The ROC curve has shown that the best sensitivity and specificity the for sTfR-F index was at a cut-off value of 1.48 which can discriminate between combined anaemia state (IDA+ACD) and ACD. Skikne et al [8Skikne BS, Punnonen K, Caldron PH, et al. Improved differential diagnosis of anemia of chronic disease and iron deficiency anemia: A prospective multicenter evaluation of soluble transferrin receptor and the sTfR/log ferritin index. Am J Hematol 2011; 86(11): 923-7.[http://dx.doi.org/10.1002/ajh.22108] [PMID: 21812017] ] cut of value was higher than ours (1.03) which might be attributed to the different clinical settings and inclusion of other patients in addition to RA. Our results are comparable to that of Suominen et al. [9Suominen P, Möttönen T, Rajamäki A, Irjala K. Single values of serum transferrin receptor and transferrin receptor ferritin index can be used to detect true and functional iron deficiency in rheumatoid arthritis patients with anemia. Arthritis Rheum 2000; 43(5): 1016-20.[http://dx.doi.org/10.1002/1529-0131(200005)43:5<1016::AID-ANR9>3.0.CO;2-3] [PMID: 10817554] ] where a cut-off value of 1.35 was used for efficiently detecting a state of iron deficiency in patients with RA.

CONCLUSION

In conclusion, the sTfR-F index is a very useful parameter that can discriminate efficiently between ACD and IDA and also between ACD and combined ACD/IDA in patients with RA and it is useful to improve the evaluation of anaemia in these patients.

DATA AVAILABILITY

The research laboratory and clinical data used to support the findings of this study are included within the article.

FUNDING STATEMENT

This research received no specific grant from any funding agency in the public, commercial, or not-for-profit sectors.

ETHICS APPROVAL AND CONSENT TO PARTICIPATE

The study was approved by the scientific committee in pathology department, college of medicine, university of Baghdad, Iraq.

HUMAN AND ANIMAL RIGHTS

No Animals were used in this research. All human research procedures followed were in accordance with the ethical standards of the committee responsible for human experimentation (institutional and national), and with the Helsinki Declaration of 1975, as revised in 2013.

CONSENT FOR PUBLICATION

Informed consent was obtained from all participants before data collection.

CONFLICT OF INTEREST

The authors declare no conflict of interest, financial or otherwise.

ACKNOWLEDGEMENTS

Declared none.

REFERENCES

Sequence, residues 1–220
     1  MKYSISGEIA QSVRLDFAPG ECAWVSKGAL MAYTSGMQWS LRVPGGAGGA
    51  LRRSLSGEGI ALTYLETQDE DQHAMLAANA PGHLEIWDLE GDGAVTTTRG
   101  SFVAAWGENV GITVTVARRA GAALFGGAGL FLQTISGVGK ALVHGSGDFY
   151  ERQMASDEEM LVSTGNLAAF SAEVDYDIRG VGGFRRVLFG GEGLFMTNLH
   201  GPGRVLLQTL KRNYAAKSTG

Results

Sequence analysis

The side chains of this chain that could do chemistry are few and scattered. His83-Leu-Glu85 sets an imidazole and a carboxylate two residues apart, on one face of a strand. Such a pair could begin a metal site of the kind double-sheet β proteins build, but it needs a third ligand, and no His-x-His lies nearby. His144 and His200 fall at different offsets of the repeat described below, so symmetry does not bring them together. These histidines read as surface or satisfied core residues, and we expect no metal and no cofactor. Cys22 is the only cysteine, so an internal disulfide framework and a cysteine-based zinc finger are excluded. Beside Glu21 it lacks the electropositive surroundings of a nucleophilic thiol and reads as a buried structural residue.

[1] Wilson A, Yu H-T, Goodnough LT, Nissenson AR. Prevalence and outcomes of anemia in rheumatoid arthritis: A systematic review of the literature. Am J Med 2004; 116(Suppl. 7A): 50S-7S.[http://dx.doi.org/10.1016/j.amjmed.2003.12.012] [PMID: 15050886]
[2] Baer AN, Dessypris EN, Krantz SB. The pathogenesis of anemia in rheumatoid arthritis: A clinical and laboratory analysis. Semin Arthritis Rheum 1990; 19(4): 209-23.[http://dx.doi.org/10.1016/0049-0172(90)90001-V] [PMID: 2181669]
[3] Jain S, Narayan S, Chandra J, Sharma S, Jain S, Malhan P. Evaluation of serum transferrin receptor and sTfR ferritin indices in diagnosing and differentiating iron deficiency anemia from anemia of chronic disease. Indian J Pediatr 2010; 77(2): 179-83.[http://dx.doi.org/10.1007/s12098-009-0302-z] [PMID: 20091370]
[4] Francis J, Sheridan D, Samanta A, Nichol FE. Iron deficiency anaemia in chronic inflammatory rheumatic diseases: Low mean cell haemoglobin is a better marker than low mean cell volume. Ann Rheum Dis 2005; 64(5): 787-8.[http://dx.doi.org/10.1136/ard.2004.025890] [PMID: 15834063]
[5] Baynes RD, Shih YJ, Hudson BG, Cook JD. Production of the serum form of the transferrin receptor by a cell membrane-associated serine protease. Proc Soc Exp Biol Med 1993; 204(1): 65-9.[http://dx.doi.org/10.3181/00379727-204-43635] [PMID: 8372098]
[6] Stefanova KI, Delcheva GT, Maneva AI, et al. Pathobiochemical mechanisms relating iron homeostasis with parameters of inflammatory activity and autoimmune disorders in rheumatoid arthritis. Folia Med (Plovdiv) 2018; 60(1): 124-32.[http://dx.doi.org/10.1515/folmed-2017-0068] [PMID: 29668445]
[7] Braga F, Infusino I, Dolci A, Panteghini M. Soluble transferrin receptor in complicated anemia. Clinica chimica acta Elsevier 2014; 431: 143-7.[http://dx.doi.org/10.1016/j.cca.2014.02.005]
[8] Skikne BS, Punnonen K, Caldron PH, et al. Improved differential diagnosis of anemia of chronic disease and iron deficiency anemia: A prospective multicenter evaluation of soluble transferrin receptor and the sTfR/log ferritin index. Am J Hematol 2011; 86(11): 923-7.[http://dx.doi.org/10.1002/ajh.22108] [PMID: 21812017]
[9] Suominen P, Möttönen T, Rajamäki A, Irjala K. Single values of serum transferrin receptor and transferrin receptor ferritin index can be used to detect true and functional iron deficiency in rheumatoid arthritis patients with anemia. Arthritis Rheum 2000; 43(5): 1016-20.[http://dx.doi.org/10.1002/1529-0131(200005)43:5<1016::AID-ANR9>3.0.CO;2-3] [PMID: 10817554]
[10] Nita E, Kyratzopoulou E, Eliadis P, Makatsori D, Kostara C, Mitsioni A, et al. AB0342 serum transferrin receptor ratio to serum ferritin and hepcidin levels in the differential diagnosis of anemia in rheumatoid arthritis patients. Annals of the rheumatic diseases. BMJ Publishing Group Ltd 2015; 74: 1008.[http://dx.doi.org/10.1136/annrheumdis-2015-eular.4411]
[11] Firestein GS, Budd R, Gabriel SE, McInnes IB, O’Dell JR. Kelley’s Textbook of Rheumatology E-Book 2012.
[12] Organization WH, Organization WH. Indicators and strategies for iron deficiency and anemia programmes. Report of the WHO/UNICEF/UNU consultation 1994; 6-10.